Skylar Burris's Reviews > The Homework Myth: Why Our Kids Get Too Much of a Bad Thing

The Homework Myth by Alfie Kohn
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Nov 05, 09

bookshelves: sociology, education
Read in November, 2009

I’m always a little bit nervous when I’m the first one to give a book less than three stars. While much better written than The Case Against Homework, The Homework Myth, for me, reeked to an even higher heaven. It’s not that I’m a huge fan of homework (I’d guess 60% of the homework I received in childhood was unnecessary), it’s just that I’m an even LESS huge fan of run-free-in-the-wild, child-knows-best, Rosseauian educational fantasies, which is what ultimately seems to underlie this book.

As I read, I got the impression that the author believes that just about everything about traditional education is awful. We shouldn’t learn anything by rote, not even our times tables. (It’s not as if instant, rapid recall of multiplication tables will ever come in handy. If we ever need a quick answer to 7X7, we can just take five to ten minutes to conceptualize it.) Competition is bad. It makes people perform worse, not better. We should just do collaborative work. (Because it’s not like I’m ever going to have to tie my shoes by myself.) All standardize tests are useless, and “no informed educator” would ever think they are in any way a measure of learning. (I guess that’s why almost all universities use them as part of the admissions process.) What we really need is to nurture creativity and love of learning and critical thinking. (Okay, now that I can agree with! But how exactly do teachers know that kids have actually learned anything if they don’t ever…you know… prove it through, for instance, homework or tests or quizzes or non-group-written papers? And what are they going to think critically ABOUT if they are never exposed to anything so horrifyingly stifling as specific content and curriculum?) He thinks honor rolls, like homework, are cruel, and who needs objective standards? That just weighs the kids down, man. Kids maybe should, he admits, be required to read at home, but they should absolutely never be told what to read or given a minimum number of pages to read or be required to prove, in any way, that they have actually read. Oh, I almost forgot: we should also get rid of AP classes.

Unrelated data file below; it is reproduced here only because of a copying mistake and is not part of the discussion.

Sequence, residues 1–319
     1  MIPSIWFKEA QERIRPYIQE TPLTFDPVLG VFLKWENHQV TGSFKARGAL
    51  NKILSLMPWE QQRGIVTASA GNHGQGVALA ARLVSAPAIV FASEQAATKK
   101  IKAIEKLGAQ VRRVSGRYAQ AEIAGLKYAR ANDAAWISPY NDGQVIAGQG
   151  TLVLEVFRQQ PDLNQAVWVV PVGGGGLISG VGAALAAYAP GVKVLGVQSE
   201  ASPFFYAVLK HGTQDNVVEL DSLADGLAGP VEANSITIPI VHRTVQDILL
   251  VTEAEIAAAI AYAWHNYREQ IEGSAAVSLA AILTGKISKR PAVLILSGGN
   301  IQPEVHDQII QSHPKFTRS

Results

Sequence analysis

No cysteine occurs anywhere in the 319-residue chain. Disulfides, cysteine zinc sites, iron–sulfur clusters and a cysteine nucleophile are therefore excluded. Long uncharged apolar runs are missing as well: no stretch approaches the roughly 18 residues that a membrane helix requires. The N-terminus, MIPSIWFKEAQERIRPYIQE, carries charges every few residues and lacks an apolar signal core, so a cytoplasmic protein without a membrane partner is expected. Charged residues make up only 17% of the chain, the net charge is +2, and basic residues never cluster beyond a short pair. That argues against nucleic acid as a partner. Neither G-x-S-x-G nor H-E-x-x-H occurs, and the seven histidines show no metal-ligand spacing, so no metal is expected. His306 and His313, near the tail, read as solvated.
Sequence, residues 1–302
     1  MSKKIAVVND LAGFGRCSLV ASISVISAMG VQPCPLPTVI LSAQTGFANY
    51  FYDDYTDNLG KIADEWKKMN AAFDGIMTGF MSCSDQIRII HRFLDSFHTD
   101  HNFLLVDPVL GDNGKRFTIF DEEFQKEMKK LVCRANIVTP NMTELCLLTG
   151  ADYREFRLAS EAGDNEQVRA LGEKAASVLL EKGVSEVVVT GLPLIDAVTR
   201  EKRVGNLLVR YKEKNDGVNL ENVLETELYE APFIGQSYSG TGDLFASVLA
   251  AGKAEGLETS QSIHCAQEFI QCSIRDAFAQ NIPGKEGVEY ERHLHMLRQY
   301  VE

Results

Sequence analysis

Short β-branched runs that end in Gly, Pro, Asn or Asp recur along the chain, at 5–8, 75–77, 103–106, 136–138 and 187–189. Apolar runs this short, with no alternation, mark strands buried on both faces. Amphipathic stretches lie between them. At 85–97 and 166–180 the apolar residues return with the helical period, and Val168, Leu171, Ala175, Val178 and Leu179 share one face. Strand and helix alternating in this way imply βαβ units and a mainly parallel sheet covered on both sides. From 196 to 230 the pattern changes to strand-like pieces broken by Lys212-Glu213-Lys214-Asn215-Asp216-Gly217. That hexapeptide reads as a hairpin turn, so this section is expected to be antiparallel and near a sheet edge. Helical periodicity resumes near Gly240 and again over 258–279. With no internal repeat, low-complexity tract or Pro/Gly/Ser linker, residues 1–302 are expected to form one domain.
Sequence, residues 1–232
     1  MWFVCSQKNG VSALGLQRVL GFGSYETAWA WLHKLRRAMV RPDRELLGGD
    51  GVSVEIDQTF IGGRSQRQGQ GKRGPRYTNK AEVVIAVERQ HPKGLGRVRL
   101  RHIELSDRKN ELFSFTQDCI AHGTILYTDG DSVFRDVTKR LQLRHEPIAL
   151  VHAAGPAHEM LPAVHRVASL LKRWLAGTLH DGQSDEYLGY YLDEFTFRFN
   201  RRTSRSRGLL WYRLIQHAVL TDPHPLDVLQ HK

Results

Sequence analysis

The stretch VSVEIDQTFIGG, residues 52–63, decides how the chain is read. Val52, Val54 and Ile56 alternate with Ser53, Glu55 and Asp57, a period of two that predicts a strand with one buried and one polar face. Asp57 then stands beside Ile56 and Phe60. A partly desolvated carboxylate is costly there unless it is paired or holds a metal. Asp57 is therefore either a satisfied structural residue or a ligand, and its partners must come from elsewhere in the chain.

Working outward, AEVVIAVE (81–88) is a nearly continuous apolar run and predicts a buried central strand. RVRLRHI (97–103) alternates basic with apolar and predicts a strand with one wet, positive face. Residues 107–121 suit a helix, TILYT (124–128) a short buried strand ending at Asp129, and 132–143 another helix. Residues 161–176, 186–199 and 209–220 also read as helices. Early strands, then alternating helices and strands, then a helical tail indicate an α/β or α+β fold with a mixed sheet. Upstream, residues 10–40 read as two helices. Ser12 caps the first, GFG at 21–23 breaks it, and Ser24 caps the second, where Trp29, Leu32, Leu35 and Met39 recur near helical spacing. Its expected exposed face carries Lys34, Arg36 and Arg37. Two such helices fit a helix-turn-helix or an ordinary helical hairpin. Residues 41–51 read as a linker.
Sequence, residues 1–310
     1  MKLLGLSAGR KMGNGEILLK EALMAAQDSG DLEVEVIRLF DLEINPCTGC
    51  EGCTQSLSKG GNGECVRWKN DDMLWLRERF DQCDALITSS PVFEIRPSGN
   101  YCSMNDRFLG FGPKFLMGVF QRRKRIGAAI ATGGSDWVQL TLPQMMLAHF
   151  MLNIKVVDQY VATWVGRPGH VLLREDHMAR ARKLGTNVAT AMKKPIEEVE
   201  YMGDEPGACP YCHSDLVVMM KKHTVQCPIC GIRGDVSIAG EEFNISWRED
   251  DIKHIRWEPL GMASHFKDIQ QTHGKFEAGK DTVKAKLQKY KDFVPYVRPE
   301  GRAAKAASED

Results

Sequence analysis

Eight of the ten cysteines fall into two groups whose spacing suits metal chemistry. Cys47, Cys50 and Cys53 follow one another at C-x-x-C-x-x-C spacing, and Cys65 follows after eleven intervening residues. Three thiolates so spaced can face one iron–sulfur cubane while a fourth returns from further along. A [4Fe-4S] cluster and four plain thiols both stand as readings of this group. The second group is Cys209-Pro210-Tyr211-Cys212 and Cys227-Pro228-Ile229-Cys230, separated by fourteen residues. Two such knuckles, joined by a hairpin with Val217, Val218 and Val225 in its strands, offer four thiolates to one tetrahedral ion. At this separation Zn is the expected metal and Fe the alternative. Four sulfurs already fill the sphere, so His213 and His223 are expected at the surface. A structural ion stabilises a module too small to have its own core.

Perhaps I’m exaggerating his position, but I found myself recoiling from the hints he sprinkled throughout the book that busywork is not the only thing he’s seeking to abolish. But, for the moment, let’s pretend this is really just a book about abolishing homework and not about abolishing school itself. Does he make a convincing case?

Kohn explains why all of the studies normally used to support a positive correlation between homework and academic performance really can’t properly be used to support the idea that homework increases learning. Yes, homework is shown to have a positive correlation with grades and test scores, but, as we all know, those have NOTHING to do with LEARNING. And besides, even that positive correlation is small. So, since there’s not much evidence that homework improves learning, it must HURT learning, or, if it doesn’t hurt learning, then it must hurt something else – family life, creativity, the psychological well being of our cherubs.

The problem is, Kohn doesn’t offer any statistical data or detailed studies that actually prove that homework hurts. (The evidence he offers falls prey to the same criticisms he makes of the evidence used in support of homework.) So, ultimately, his arguments are no stronger than the ones he knocks down. He seems to take the absence of scientifically verifiable evidence in favor of the virtues of homework combined with anecdotal complaints as proof that homework is bad. You might as well take the absence of scientifically verifiable evidence in favor of the vices of homework combined with anecdotal praises as proof that homework is good.

From reading these two homework books, it seems to me the data is highly inconclusive and supports neither a pro- nor an anti-homework position. I think there are good arguments to be made both for and against homework, which I summarize in my article on the anti-homework revolution.What keeps me from joining the “Down with homework!” chant, I will admit, is probably nothing more than the woe-is-me, my-poor-baby, my-children-are-entitled-to-better, traditional-educators-are-so-backwards tone of these two books. Like The Case Against Homework, The Homework Myth smacks of frequent and suspicious whining. Take this: homework assignments “sometimes carry directions that are difficult for two parents with only” (yes, ONLY) “advanced graduate degrees to understand.” Huh? You have a master’s or a doctorate and you can’t understand the homework directions on your 6th grader’s assignment? Someone explain this difficulty to me with an actual example.